We’ve got some bad news folks. The
nationwide soft plastics recycling scheme has been suspended. We suspect in the
past few weeks many of you have already turned up to your local collection bin
with your dutifully cleaned and separated soft plastics, only to find the bin
no longer there!
reason is the same one that plagues all plastic recycling. It just hasn’t been
viable. Our soft plastic was getting transported to Australia where there’s a
company that has the specialised equipment to recycle it and produce plastic
bollards, picnic tables, bench chairs and other similar items. However, there
was so much soft plastic coming in and nowhere near enough of these items being
purchased. Supply massively outweighed demand.
pressure was added with China deciding to no longer be the dumping ground for
the developed world, leaving Australia with much the same challenges as we
It also didn’t help that there were high
levels of “contamination”, meaning that people were putting dirty plastics,
food, and other materials that weren’t soft plastic into the bins.
There is still hope that the scheme can
be revived, but it will almost certainly be provided to a reduced number of
where does this leave us? In a bit of a pickle, to be honest. Our only real option
for now is to put soft plastics in our rubbish bins to be dumped into
Simple. Refuse the plastic in the first place. Turn off the demand. If we don’t have any soft plastics waste, we won’t have to worry about it contaminating our environment, breaking into microplastics and making its way into our food, or staying in a landfill for eternity. If you haven’t already done so, check out our blog post ‘Imagine the headache if there was no soft plastic to recycle?’. And to learn more about the challenges of recycling plastics, check out the Recycle section on our website.
Here are our top tips on how to reduce your use of soft plastics:
won’t believe it… always take a bag shopping.
plastic cling film with reusable beeswax wraps (cheap, and easy to make) to
wrap your sandwiches.
a reusable container to store your leftovers, rather than wrapping in cling
film (or wrap in a beeswax wrap where feasible).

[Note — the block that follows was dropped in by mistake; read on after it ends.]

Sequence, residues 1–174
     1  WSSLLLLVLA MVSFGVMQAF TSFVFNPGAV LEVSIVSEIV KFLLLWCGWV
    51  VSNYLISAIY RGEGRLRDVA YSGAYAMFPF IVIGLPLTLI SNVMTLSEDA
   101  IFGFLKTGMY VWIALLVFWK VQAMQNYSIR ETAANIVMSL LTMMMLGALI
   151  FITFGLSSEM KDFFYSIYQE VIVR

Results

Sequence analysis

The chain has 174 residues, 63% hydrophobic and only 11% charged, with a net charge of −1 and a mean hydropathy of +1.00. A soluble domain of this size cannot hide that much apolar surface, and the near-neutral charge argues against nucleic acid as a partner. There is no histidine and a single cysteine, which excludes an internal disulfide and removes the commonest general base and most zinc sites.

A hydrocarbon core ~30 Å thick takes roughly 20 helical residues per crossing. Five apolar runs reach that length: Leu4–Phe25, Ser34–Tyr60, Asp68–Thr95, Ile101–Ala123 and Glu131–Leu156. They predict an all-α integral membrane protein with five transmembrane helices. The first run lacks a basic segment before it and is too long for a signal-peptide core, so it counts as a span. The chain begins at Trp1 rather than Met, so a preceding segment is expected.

buy produce that comes in plastic.
at stores, butchers, and/or markets where you can refill your own
reusable produce bags for your fruit and veges (look on YouTube for videos
on how to make your own) or simply put your produce straight into your basket,
shopping trolley, or reusable shopping bag.
fruit and veges from a local farmer or delivery service that doesn’t use
your own fruit, vegetables and herbs.
products that come in recyclable materials (cardboard, glass, tin, aluminium),
or compostable packaging if you have access to a compost. (Just check whether
it is home compostable or commercially compostable, as the later won’t compost
in your home compost because it requires high compost heat to biodegrade.)
It’s that time of year when we clean out our chimnies, hang up the stockings and leave out the biscuits and milk.
Yes, we’re talking Christmas.
It’s a time for getting together with families and friends, eating great food, enjoying a drink or two, and giving presents.
There’s no doubt giving and receiving gifts creates a lot of joy. But it also creates a lot of trash. And considering the plastic piling up at refuse stations as well as plastic continuing to litter our streets, beaches and waterways, we think it’s worth asking “can you have a Christmas free of single-use plastic?
You won’t be surprised to hear we think you can (or at the very least drastically reduce your use). So below are some tips and tricks to make sure your Christmas joy is maximised and your plastic waste is minimised.
Buy experiences rather than stuff. Think about getting your loved ones a ticket to a concert, a festival, or a sports event. Buy them a voucher for a massage or haircut, or perhaps they could do with some cooking or dancing lessons? If you love them that much, you could even go with them!
Pool your money with others to purchase one better quality present, rather than multiple lower quality ones.
Wrap your gifts in something other than wrapping paper – like tea towels, nice fabrics, reusable gift bags or boxes. Wrapping paper is pretty crazy when you think about it. All those resources to make and transport it – only to get ripped up and thrown in the bin. Without wrapping paper, you won’t need sellotape either!